Greek Slave

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The Natural Slave

I'd like to discuss the ancient concept of the Natural Slave, and how it may be updated and applied to Internal Enslavement.

To be a Natural Slave - to be a slave by nature - implies that the individual has some inherent, innate or inborn character trait which predisposes them to slavery in some way.

One of the earliest and most influential analyses of this concept was by Aristotle in the 4th century BC:

The same holds good of animals in relation to men; for tame animals have a better nature than wild, and all tame animals are better off when they are ruled by man; for then they are preserved. Again, the male is by nature superior, and the female inferior; and the one rules, and the other is ruled; this principle, of necessity, extends to all mankind.

Where then there is such a difference as that between soul and body, or between men and animals (as in the case of those whose business is to use their body, and who can do nothing better), the lower sort are by nature slaves, and it is better for them as for all inferiors that they should be under the rule of a master. For he who can be, and therefore is, another's and he who participates in rational principle enough to apprehend, but not to have, such a principle, is a slave by nature.

Aristotle, Politics, 1.V (translation by Benjamin Jowett)

Aristotle associated his concept of the Natural Slave with inferior intellect: that slaves are not competent to run their own lives. Many of the domestic servants and labourers of his time were no doubt deprived of the chance to develop the competency to run their own lives. (We can compare this with long term prisoners and patients who have become institutionalised in our own time.) However, Aristotle's belief is clearly not generally true of slaves: in other ancient societies (Imperial Rome was largely administered by slaves and freed slaves), in Eastern civilisations (the Ottoman Empire was governed by slaves, and slaves led its armies and, as the Janissaries, provided their elite troops, artillery and corps of engineers) and in our modern experience of IE and TPE (infact, submissive women appear, as a group, to be disproportionately intelligent and drawn from demanding professions such as teaching and healthcare.)

Instead, I believe we should step back from Aristotle's position, and just start from "it is better for them ... that they should be under the rule of a master", and then define people who are suited to slavery due to their nature (ie Natural Slaves) in an IE-relevant way.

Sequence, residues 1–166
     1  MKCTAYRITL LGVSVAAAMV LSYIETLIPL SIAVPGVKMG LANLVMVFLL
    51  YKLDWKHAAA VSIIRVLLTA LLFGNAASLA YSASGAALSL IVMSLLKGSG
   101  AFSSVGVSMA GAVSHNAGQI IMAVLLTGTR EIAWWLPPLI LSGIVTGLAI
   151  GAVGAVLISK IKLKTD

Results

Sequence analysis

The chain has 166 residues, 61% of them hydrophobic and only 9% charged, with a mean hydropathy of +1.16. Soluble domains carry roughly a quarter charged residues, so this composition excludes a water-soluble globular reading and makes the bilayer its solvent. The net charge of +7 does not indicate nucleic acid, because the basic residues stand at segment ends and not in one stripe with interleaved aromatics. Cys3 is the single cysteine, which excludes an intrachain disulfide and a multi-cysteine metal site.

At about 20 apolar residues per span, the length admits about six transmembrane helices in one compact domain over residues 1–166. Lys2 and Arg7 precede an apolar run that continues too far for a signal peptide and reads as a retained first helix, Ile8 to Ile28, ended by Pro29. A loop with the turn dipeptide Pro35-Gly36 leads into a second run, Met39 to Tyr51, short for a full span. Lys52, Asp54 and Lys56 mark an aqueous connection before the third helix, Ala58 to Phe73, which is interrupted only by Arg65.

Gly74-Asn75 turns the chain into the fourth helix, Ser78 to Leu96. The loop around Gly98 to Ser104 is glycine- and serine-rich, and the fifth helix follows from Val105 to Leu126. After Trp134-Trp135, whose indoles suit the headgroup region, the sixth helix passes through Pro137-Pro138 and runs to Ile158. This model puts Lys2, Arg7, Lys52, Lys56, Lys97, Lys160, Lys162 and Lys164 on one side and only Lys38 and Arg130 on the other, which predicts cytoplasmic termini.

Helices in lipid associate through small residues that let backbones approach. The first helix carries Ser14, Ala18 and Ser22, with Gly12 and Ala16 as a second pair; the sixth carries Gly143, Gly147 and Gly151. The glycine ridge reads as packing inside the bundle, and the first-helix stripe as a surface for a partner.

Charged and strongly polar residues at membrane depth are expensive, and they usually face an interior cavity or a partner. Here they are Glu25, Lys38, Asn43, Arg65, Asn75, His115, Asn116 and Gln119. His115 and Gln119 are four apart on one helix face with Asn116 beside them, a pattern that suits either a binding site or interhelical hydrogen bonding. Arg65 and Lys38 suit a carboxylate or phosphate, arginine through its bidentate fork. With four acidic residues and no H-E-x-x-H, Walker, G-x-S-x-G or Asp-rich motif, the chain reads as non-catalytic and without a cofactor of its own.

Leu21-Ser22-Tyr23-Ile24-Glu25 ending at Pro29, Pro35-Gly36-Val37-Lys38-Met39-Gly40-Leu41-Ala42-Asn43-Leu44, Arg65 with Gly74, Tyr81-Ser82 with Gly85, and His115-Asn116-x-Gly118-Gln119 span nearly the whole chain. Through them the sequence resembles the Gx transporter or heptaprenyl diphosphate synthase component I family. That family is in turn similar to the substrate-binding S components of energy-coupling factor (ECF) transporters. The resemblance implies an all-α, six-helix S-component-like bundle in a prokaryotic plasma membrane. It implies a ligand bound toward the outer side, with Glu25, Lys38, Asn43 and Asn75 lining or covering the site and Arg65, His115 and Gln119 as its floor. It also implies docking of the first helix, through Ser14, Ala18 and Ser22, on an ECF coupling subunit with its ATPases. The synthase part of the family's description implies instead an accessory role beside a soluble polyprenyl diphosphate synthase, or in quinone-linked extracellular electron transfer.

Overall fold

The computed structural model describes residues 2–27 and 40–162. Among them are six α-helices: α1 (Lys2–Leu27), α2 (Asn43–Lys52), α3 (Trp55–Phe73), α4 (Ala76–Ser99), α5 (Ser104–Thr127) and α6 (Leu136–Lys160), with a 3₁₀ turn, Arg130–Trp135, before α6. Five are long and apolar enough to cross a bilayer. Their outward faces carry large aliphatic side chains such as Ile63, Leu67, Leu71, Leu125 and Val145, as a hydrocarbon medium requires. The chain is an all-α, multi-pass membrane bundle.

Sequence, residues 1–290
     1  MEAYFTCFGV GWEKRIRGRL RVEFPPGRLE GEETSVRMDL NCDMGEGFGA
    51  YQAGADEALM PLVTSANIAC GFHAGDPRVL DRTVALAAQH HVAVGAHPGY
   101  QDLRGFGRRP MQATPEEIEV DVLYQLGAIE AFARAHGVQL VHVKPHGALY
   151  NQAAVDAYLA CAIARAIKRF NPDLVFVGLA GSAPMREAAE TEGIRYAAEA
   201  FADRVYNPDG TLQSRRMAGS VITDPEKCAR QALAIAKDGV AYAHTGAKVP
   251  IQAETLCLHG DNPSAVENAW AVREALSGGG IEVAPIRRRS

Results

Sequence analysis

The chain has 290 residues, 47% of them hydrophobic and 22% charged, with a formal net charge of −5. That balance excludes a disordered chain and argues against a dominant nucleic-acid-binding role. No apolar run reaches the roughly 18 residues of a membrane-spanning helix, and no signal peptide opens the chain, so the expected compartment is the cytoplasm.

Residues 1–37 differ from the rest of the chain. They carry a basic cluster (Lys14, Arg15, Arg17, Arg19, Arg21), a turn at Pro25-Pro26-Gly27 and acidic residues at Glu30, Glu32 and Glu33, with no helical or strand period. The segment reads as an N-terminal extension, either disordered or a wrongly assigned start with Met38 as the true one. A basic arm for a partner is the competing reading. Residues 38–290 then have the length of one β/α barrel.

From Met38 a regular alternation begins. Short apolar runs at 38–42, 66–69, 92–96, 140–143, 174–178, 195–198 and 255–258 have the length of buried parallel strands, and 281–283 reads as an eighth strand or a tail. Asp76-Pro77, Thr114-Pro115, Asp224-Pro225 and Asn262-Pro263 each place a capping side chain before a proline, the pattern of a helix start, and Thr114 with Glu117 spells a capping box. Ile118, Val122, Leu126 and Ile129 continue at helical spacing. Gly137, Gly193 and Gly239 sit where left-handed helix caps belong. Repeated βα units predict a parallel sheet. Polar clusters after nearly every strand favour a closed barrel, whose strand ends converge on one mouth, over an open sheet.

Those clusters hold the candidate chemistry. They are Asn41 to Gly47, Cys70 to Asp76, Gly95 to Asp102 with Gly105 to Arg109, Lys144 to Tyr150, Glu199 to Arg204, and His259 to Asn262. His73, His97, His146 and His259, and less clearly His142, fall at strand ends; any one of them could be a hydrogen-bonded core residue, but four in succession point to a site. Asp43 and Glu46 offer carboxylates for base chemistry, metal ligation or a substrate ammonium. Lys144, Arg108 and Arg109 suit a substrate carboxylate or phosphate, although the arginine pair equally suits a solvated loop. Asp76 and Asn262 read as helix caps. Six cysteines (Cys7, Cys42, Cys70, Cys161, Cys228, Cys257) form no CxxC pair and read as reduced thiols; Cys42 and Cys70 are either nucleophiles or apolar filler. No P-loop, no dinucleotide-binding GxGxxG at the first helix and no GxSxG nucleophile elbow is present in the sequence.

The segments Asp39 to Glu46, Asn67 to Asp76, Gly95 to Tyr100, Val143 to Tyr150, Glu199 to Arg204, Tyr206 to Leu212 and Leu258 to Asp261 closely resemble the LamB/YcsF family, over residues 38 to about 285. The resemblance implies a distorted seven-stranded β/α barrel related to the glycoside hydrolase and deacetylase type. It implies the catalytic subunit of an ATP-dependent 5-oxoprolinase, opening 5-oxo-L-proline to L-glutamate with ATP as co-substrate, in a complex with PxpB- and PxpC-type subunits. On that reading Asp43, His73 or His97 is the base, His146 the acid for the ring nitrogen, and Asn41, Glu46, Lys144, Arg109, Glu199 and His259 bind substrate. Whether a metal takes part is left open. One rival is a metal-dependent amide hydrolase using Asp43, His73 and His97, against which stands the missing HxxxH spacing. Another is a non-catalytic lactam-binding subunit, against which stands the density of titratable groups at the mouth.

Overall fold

We've already suggested in the discussion of Reactance that submissives may experience lower levels of total Reactance (roughly stress) when their freedom is restricted, compared to when they are free; and that they also don't experience the depression and low performance which psychologists observe with "normal" people in psychologically defined Helplessness.

We can go further and use Reactance to define a type of slave: a Natural Slave is a slave for whom slavery can be better than freedom, since they have the capacity to experience less Reactance when living in that condition, without the depression normally associated with Helplessness. Thus they are suited to slavery by their nature - by some inherent quality of their psychological makeup.

Even though Natural Slaves in this IE sense may experience slavery as a positive experience, other factors in their environment may prevent this. Notably, if the Master behaves in a destructive way, ignoring fundamental needs, then the Helplessness may become negative rather than positive for the slave.

This approach accomodates all literal uses of the word "slave", both historical slaveries and IE. For many of slaves in history, slavery was a deeply negative experience, leading to wasted and unfulfilled lives as needs were disregarded and slaves sank into depression, alcholism, seeking short-term sensual pleasure and suicide. And in turn, these behaviours are used by slave owning classes to characterise slaves, from Greek drama with its lying, stealing slaves, to the 19th century American stereotypes of sullen, feckless negroes.

In stark contrast to this, however, some slaves - especially some women owned as concubines in Eastern cultures - seem to have flourished in slavery, and I believe we could call those that did Natural Slaves in the sense I am suggesting.

It seems plausible to argue that this is part of the wider set of phenomena like Paradoxical Gratitude ("the Stockholm Syndrome" - in which kidnap victims become sympathetic or even allied with their kidnappers) are evolved survival strategies to cope with defeat. In particular, there may be a sexual dimension when the captor is male and the captive female, since the female's reproductive success may be best served by accepting the situation. The instinctive tendency to find captors sexually attractive if they provide for the captive's needs would facilitate this acceptance. This may be the root cause of the Enslavement process we observe in IE between Masters and female slaves.

This would suggest that Internal Enslavement may only be possible with Natural Slaves, since the trust and intimacy (in the Transactional Analysis sense) that forms the emotional bondage would be inhibited if the helpless state were destructive rather than positive for the subject.

I suspect there may be very large numbers of what I've called "Natural Slaves". In fact, it may be a trait of most submissives, which can emerge given the right circumstances.

Last updated 6 April 2002.

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